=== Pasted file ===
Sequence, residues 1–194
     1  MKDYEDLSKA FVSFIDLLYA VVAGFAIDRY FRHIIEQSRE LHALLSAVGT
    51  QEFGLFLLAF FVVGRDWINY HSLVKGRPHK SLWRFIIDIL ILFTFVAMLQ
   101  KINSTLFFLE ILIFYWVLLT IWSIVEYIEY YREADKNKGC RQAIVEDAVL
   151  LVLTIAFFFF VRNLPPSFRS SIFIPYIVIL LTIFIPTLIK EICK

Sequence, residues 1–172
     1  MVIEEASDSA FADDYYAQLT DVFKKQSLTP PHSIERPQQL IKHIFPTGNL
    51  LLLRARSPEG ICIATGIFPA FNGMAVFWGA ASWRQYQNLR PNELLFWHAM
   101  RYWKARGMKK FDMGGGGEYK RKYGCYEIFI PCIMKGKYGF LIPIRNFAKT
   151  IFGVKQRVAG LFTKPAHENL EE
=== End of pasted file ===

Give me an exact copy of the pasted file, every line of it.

Sequence, residues 1–194
     1  MKDYEDLSKA FVSFIDLLYA VVAGFAIDRY FRHIIEQSRE LHALLSAVGT
    51  QEFGLFLLAF FVVGRDWINY HSLVKGRPHK SLWRFIIDIL ILFTFVAMLQ
   101  KINSTLFFLE ILIFYWVLLT IWSIVEYIEY YREADKNKGC RQAIVEDAVL
   151  LVLTIAFFFF VRNLPPSFRS SIFIPYIVIL LTIFIPTLIK EICK

Sequence, residues 1–172
     1  MVIEEASDSA FADDYYAQLT DVFKKQSLTP PHSIERPQQL IKHIFPTGNL
    51  LLLRARSPEG ICIATGIFPA FNGMAVFWGA ASWRQYQNLR PNELLFWHAM
   101  RYWKARGMKK FDMGGGGEYK RKYGCYEIFI PCIMKGKYGF LIPIRNFAKT
   151  IFGVKQRVAG LFTKPAHENL EE